In particular, we found that 9.0% and 8.9% of euthyroid pregnant women had a positive TPOAb test in the first or second trimester, respectively. Several other studies have demonstrated that a positive TPOAb test increased the risk of miscarriage, premature birth and other pregnancy complications , . In euthyroid pregnant women with positive TPOAb, TSH levels gradually increased during the course of pregnancy, and 19% of women in that subgroup had elevated TSH at the time of delivery . Another study examining euthyroid women with positive TPOAb test found that 16% of these women in that subgroup had TSH>4 mIU/L at delivery . Therefore, it is necessary to regularly monitor thyroid function in TPOAb positive women in order to maintain optimal maternal and fetal health. In our study, if only the high-risk pregnant women were tested, 74.6% and 67.2% of women positive for TPOAb would have been missed in the first or second trimester, respectively.
Regarding the cost-effectiveness of screening strategies, Dosiou et al.  reported that universal screening of autoimmune thyroid disease in the first trimester was cost-effective, not only compared with no screening but also compared with screening of high-risk women. Others have proposed if L-T4 therapy was efficacious in preventing neurodevelopmental delay and IQ deficits, universal screening for subclinical hypothyroidism in pregnancy would be cost-effective long-term , given that testing is widely available, easy, and relatively inexpensive. Therefore, universal screening for TSH, FT4, and TPOAb is more cost-effective than screening the high risk group alone.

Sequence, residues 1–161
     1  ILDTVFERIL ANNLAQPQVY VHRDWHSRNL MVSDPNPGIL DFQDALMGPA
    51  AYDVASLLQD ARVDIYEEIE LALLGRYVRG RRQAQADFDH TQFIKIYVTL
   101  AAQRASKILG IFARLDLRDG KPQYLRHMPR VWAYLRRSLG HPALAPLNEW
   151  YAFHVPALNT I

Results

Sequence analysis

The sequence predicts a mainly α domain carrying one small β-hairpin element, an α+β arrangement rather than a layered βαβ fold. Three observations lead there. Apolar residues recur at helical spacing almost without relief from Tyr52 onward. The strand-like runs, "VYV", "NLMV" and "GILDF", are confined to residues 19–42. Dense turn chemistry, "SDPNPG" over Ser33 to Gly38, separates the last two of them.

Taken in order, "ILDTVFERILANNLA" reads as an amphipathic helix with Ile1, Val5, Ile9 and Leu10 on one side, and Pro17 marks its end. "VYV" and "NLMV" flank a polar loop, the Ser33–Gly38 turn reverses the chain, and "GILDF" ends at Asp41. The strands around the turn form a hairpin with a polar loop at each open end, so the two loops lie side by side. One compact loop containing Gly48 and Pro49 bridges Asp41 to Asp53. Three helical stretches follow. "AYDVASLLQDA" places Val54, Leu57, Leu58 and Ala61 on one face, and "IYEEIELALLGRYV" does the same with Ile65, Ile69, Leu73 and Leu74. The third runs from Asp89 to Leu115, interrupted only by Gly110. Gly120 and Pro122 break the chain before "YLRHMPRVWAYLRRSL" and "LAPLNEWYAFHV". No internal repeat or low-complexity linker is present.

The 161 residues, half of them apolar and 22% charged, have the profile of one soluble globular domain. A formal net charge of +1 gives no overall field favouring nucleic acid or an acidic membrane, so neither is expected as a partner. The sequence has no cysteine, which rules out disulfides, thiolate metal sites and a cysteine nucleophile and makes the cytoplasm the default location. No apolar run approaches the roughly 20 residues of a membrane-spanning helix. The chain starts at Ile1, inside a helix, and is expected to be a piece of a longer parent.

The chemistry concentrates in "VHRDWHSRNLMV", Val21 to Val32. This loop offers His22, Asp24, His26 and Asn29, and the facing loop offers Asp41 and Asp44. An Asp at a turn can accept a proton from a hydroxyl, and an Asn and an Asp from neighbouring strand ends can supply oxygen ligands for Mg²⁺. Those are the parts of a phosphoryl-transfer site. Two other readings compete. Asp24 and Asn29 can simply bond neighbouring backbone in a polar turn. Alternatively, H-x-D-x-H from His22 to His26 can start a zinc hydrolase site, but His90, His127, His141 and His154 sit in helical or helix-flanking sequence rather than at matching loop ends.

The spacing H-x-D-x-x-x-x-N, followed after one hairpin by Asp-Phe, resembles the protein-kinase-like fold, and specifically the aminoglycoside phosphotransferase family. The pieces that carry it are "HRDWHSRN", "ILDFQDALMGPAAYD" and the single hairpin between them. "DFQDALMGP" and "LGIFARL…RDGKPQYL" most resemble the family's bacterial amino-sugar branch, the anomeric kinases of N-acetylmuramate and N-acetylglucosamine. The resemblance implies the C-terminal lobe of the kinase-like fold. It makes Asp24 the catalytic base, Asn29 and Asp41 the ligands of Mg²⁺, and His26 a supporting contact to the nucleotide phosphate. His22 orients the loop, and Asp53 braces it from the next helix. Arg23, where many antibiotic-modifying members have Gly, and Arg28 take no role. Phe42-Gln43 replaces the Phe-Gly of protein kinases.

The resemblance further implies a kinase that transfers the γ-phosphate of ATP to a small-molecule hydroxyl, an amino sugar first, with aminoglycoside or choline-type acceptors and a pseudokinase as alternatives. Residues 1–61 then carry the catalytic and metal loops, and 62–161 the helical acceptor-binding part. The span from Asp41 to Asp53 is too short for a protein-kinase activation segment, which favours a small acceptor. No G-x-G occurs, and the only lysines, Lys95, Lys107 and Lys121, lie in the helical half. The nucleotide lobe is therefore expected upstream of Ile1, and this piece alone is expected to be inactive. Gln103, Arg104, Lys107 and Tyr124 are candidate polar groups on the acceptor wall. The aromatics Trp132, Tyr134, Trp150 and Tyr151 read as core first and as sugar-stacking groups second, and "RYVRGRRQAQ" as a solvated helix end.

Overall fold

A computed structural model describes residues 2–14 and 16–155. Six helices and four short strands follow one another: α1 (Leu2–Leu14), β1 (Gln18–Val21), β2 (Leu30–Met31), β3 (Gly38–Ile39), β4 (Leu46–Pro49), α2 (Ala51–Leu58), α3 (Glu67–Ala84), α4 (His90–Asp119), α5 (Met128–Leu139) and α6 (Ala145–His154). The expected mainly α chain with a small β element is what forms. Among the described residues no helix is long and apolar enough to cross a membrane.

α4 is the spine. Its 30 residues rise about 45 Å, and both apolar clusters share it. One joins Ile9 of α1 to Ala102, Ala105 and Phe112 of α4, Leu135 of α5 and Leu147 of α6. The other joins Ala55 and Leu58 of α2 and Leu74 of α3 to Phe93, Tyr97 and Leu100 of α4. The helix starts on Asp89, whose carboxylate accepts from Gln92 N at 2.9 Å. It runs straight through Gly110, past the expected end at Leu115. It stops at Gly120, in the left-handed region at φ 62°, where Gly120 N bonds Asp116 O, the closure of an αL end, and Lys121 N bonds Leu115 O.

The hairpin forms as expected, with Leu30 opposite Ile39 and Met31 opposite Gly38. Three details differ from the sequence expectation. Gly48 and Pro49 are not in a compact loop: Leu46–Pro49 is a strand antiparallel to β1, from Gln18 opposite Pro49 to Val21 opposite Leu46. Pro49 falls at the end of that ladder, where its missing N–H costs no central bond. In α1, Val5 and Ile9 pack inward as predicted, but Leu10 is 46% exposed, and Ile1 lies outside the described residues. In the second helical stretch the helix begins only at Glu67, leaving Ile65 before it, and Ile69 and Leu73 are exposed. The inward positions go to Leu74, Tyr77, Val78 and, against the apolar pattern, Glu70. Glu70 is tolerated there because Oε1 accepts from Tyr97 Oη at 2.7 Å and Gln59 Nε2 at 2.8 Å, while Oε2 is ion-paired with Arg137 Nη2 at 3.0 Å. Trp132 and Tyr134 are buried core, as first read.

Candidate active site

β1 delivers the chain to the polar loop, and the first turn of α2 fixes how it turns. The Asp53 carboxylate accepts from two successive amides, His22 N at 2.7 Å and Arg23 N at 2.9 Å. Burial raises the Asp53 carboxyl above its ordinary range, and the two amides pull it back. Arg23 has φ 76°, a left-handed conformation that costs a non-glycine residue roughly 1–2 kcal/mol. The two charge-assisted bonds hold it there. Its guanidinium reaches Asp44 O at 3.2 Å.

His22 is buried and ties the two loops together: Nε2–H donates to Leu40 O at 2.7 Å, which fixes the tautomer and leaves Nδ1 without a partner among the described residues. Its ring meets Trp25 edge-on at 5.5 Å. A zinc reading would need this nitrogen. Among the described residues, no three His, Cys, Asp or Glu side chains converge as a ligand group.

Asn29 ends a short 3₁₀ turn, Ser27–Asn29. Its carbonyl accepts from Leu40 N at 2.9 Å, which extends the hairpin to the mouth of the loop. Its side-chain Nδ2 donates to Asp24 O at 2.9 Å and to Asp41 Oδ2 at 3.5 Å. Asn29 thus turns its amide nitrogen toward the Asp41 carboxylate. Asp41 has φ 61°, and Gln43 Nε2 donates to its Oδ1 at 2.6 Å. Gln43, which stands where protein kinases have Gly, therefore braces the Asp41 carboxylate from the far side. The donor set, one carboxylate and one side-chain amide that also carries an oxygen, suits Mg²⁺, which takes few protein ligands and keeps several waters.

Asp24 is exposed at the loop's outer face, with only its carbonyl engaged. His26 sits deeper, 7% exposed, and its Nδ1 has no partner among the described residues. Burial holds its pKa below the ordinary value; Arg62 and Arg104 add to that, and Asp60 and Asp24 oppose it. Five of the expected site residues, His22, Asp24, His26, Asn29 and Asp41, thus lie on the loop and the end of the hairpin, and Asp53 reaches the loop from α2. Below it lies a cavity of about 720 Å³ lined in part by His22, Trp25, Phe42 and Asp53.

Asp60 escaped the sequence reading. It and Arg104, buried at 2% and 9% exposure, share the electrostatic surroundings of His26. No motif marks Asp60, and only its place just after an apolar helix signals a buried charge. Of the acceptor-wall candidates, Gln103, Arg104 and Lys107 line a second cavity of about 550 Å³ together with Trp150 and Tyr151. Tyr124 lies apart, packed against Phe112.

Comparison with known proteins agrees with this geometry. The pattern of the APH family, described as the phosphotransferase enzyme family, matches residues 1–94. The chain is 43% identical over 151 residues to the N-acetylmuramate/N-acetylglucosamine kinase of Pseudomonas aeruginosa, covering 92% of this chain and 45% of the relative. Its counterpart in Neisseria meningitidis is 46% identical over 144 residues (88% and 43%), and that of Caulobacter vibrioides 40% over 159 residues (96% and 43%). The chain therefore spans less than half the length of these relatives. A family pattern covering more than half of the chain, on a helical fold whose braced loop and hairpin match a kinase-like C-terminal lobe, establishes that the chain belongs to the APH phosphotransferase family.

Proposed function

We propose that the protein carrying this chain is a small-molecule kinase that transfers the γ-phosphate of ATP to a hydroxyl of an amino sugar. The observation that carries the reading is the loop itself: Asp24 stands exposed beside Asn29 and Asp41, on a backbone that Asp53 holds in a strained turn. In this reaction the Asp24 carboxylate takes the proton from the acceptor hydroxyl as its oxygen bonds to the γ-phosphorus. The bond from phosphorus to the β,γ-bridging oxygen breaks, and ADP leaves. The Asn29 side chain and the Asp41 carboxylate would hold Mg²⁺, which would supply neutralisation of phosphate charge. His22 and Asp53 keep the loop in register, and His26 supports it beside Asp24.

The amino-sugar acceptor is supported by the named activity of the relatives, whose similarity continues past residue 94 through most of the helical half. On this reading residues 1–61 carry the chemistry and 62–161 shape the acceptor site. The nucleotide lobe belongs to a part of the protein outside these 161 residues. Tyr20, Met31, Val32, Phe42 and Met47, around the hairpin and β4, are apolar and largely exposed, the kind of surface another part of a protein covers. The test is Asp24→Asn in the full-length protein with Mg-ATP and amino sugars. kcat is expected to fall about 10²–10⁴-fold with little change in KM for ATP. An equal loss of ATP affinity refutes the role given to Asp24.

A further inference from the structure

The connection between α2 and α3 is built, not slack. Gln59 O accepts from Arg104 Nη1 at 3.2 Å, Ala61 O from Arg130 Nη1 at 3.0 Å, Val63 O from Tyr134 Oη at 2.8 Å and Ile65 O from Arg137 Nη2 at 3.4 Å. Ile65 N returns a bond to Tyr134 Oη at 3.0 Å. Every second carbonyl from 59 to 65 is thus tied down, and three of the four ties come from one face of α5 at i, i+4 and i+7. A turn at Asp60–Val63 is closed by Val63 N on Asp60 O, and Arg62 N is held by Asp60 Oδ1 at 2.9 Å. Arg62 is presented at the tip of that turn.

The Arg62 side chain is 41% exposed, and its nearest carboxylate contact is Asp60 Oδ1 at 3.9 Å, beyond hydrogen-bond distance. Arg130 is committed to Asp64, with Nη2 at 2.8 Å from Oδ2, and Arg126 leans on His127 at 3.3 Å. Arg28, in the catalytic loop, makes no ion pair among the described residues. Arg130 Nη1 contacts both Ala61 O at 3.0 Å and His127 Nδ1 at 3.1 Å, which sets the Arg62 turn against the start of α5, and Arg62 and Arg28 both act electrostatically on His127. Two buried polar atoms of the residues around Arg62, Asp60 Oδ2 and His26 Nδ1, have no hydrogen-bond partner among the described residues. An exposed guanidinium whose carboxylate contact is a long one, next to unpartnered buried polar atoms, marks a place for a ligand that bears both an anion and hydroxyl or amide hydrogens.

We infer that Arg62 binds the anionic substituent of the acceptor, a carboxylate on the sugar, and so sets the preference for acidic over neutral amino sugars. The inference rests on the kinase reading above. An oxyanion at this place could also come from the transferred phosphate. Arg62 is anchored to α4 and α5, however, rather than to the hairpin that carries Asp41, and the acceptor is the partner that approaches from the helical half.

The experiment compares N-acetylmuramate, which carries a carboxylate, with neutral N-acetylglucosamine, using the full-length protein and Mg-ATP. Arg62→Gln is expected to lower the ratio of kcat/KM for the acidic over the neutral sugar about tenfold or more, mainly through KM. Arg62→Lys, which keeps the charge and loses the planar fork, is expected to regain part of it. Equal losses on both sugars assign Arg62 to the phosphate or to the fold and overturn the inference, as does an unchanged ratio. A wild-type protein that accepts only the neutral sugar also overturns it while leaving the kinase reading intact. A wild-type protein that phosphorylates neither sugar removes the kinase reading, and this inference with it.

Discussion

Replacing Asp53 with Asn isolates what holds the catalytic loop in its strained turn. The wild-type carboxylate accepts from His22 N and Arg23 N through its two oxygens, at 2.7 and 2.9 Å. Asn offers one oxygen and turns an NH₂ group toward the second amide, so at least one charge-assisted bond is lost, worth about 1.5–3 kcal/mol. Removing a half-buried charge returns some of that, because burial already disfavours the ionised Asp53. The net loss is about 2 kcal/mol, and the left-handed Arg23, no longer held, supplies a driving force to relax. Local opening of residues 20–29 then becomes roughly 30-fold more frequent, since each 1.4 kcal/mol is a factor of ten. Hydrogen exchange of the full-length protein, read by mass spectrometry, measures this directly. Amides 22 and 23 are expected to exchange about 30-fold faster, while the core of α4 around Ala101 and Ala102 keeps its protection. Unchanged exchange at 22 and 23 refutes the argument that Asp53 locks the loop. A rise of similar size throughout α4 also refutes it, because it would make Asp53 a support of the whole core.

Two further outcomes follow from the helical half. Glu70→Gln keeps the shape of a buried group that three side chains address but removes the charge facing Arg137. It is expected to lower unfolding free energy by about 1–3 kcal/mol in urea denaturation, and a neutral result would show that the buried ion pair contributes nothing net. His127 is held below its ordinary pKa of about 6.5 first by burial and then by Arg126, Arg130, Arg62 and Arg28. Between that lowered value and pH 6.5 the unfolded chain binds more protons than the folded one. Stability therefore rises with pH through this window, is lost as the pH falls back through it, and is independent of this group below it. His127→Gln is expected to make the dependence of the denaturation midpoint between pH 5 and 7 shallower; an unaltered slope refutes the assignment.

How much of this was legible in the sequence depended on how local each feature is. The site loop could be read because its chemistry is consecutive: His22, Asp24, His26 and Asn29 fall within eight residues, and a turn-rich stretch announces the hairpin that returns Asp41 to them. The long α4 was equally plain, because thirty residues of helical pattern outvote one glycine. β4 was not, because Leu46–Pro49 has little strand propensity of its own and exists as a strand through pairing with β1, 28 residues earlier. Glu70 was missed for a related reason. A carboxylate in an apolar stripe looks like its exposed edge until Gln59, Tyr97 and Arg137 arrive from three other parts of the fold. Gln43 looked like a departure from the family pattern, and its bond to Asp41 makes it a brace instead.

The limitation of this study was that all participants were from the coastal region of southern China, and an obstetrician, not a physician, obtained information regarding risk factors. Thus, the data may be biased. However, as previously mentioned, a number of studies, including a randomized controlled trial study , have demonstrated that the efficiency of a high risk screening strategy is lower than a universal screening strategy.
In summary, our study confirms that a high risk screening strategy where only women in the high risk group are tested would miss the majority of thyroid disorders in pregnant women. We believe universal screening of sTSH, FT4, and TPOAb is essential during the first trimester and second trimester of pregnancy. Taken together, we support implementation of a universal screening strategy for thyroid disorders in pregnant women
Conceived and designed the experiments: HY CZ XL. Performed the experiments: HY L. Chen L. Cai QC LY ZL. Analyzed the data: HY L. Chen L. Cai QC LY ZL. Contributed reagents/materials/analysis tools: HY. Wrote the paper: HY MS CZ XL.